This rock sits 3,245 ft in the air between two boulders in Rogaland, Norway. You don’t want to be present when gravity decides to bring this down.
This bridge sits 330 ft in the air and stretches 560 feet (only 3 feet wide) in the Swiss Alps. The view is spectacular, but you might want to avoid looking down.
3. Stolen Chimney, Fisher Towers
This summit is a park of Utah’s Moab National park and is noted as one of the most precarious peaks in the world. But why must people climb it?!
Known as the “Little Pathway of the King,” this was built in 1905 and has had little to no repairs done until recently. Therefore, bold climbers enjoy braving the sections that are most dangerous and even completely disintegrated.
You’ll have to travel to South Africa if you want to see this beautiful 355ft cascade. But get this, people literally die trying to get the most perfect here, yet the tourists (and tour guides) continue to risk their life visiting this once in a lifetime view.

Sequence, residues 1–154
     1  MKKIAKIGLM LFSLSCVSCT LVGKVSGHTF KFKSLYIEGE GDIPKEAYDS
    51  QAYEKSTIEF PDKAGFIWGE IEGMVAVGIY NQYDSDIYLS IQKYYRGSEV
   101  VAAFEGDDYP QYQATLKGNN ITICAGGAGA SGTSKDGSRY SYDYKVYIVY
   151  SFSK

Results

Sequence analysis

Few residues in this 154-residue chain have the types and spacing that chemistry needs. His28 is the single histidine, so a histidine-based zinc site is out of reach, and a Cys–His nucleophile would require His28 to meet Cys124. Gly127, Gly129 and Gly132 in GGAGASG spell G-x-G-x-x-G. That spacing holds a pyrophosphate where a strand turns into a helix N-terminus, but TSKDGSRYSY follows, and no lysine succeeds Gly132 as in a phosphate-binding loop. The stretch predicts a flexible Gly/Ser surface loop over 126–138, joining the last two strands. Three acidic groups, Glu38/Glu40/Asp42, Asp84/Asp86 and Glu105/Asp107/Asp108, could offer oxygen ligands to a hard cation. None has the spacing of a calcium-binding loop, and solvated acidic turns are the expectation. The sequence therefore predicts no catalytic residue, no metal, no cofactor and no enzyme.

Located in Northern Pakistan, this is one of the most dangerous bridges in the world, as it has been poorly maintained and the elements have taken their toll on it’s structure.
This dangerous Ireland (unofficial) bike trail was featured in The Princess Bride! But don’t expect to this to be a cake walk. It’s only about 4 feet (at it’s biggest sections) and it’s continuously crumbling.
The trek up Mount Huashan is considered one of the most dangerous, yet popular ascents in China. Hundreds of tourists flock to the nearly vertical staircases and creaky bridges of this location.
There is no better view of Machu Picchu than from this summit. But getting there is the hard part. Unkept trails, steep staircases and the high altitudes make this trip a treacherous one.
Trolltunga, which stands for Troll Tongue, is one of Norway’s most population outlook spots. It was formed thousands of years ago but glaciers that slowly chipped away at the rock. Do you dare visit it’s edge?